Historical Investigation: How Did the Bluestones Get to Stonehenge?

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Stonehenge: a megalithic monument that has survived for over five millennium; one of the world’s manmade wonders; a source of eternal speculation and mysteries for over a thousand years… and the cause of much squabbling amongst experts over the answers.

Too many unknowns to make any definite conclusions, to this day, Stonehenge remains one of the great mysteries of the Earth. Located on the downlands of the Salisbury Plain in southern England, the ruins of Stonehenge consist now of a hundred and sixty-two stones of up to 40 tonnes in mass painstakingly arranged to recognize the summer and winter solstices. Two main types of stone were used in the construction. The large pillars that form the outer circle are sarsen, a local sandstone that is believed to have come from the Marlborough Downs 30 kilometres north of Stonehenge. The smaller Stonehenge stones are bluestones, averaging 4 tonnes, forming the two inner circles, and completely foreign to southern England.

Perhaps this is the most heated debate over the ancient stone circle—the bluestone mystery. While centuries of speculation and detailed petrographic studies can trace the stones back to the rocky outcroppings of Carn Menyn, located in the Preseli Hills of southwest Wales, about 250 kilometres from Stonehenge, and over 400 by land, the real question remains: if they were in Wales, how did they come to Salisbury? The earliest recorded theory dates back to around 1139AD, when Geoffrey of Monmouth wrote:"If you are desirous," said Merlin, "to honour the burying place of these men with an everlasting monument, send for the Giant's Dance, which is in Killaraus, a mountain in Ireland. For there is a structure of stones there, which none of this age could raise, without a profound knowledge of the mechanical arts. They are stones of a vast magnitude and wonderful quality; and if they can be placed here, as they are there, round this spot of ground, they will stand forever."-History of the Kings of Britain by Geoffrey of Monmouth, pp133+In Geoffrey of Monmouth’s tale, Merlin magics the stones into boats to be transported back to England, and then sets up the stones as Stonehenge. Oddly enough, in the early historian’s time the Preseli Mountains lay in an area settled by the Irish, and was sometimes referred to as Ireland. So Geoffrey of Monmouth may have been, knowingly or not, right about their location. If so, does the method of transportation (minus the magic) hold some element of truth too? After all, by the 12th century AD Stonehenge had existed—complete—for more than two thousand years.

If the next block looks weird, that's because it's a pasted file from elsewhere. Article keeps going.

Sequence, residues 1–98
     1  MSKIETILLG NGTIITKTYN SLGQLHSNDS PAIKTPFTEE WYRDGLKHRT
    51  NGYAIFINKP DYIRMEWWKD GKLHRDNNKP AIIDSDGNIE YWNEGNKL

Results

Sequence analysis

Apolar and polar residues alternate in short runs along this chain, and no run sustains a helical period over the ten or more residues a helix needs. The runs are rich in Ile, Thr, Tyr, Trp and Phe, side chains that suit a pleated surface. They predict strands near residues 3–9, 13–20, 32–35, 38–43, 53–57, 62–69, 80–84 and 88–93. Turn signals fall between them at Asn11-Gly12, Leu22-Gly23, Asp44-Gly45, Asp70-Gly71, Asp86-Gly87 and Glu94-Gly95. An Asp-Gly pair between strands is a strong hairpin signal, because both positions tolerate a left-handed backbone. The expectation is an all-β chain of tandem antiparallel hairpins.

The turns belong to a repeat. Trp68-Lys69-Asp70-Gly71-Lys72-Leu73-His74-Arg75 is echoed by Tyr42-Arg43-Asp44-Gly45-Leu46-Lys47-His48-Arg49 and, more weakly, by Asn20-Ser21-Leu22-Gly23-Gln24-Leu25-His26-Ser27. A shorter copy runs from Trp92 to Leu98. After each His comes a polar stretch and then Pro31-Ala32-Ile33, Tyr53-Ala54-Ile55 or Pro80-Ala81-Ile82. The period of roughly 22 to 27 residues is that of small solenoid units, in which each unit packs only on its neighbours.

It wasn’t until 1908, when geologist Herbert Thomas suggested that the Stonehenge bluestones matched those in the Preseli Hills of southwest Wales, that the idea was taken seriously, and in 1921, he theorized that the Neolithic Britons quarried the bluestones in Wales, then carried them back to England by human labour. The theory of human transport went largely unquestioned, until 1971, when another geologist, Geoffrey Kellaway, dismissed Thomas’ “heroic bluestone enterprise” as impossible and introduced the concept of the stones being carried to England by glacial movement. As evidence, he pointed out glacial deposits nearby—on Near Street, only 60km from Stonehenge, and Bath, a mere 40km.

Today, with advanced technology and dating equipment to further hone the evidence, archaeologists, historians and geologists continue this debate. Despite being the initially more preposterous theory, the evidence behind glacial movement has stacked up, and is currently in the lead. Dr Brian John, the author of several articles dedicated to the debate, an expert on ice and glaciers, is currently the most vocal supporter of the glacial movement theory. His argument relies heavily on recently reconstructed flow patterns of the ice sheets in Britain. From the arrows, it does seem plausible—even likely—that there was glacial movement in the Salisbury Plains, and that this glacial movement carried the bluestones into the region. However, this is not conclusive evidence.

Dr Brian John also pointed out the multitude of rock types found in the area—not all local. From this, it follows to reason that the people who built Stonehenge were simply using the most convenient and suitable stones in the area, not traversing hundreds of kilometres to drag back giant slabs of stone. The bluestones, when investigated with modern geochemistry, prove to come from all over southern Wales, not one designated spot for quarrying. And the bluestones are not the only foreign rocks in the ancient monument: the Altar Stone, in the heart of the stone circle, belongs to the Senni Beds of the Old Red Sandstone formation, which outcrops in many parts of West and South Wales. Furthermore, diabase fragments from several archaeological digs far older than Stonehenge have also been uncovered, suggesting that the bluestones had been in the area long before construction began.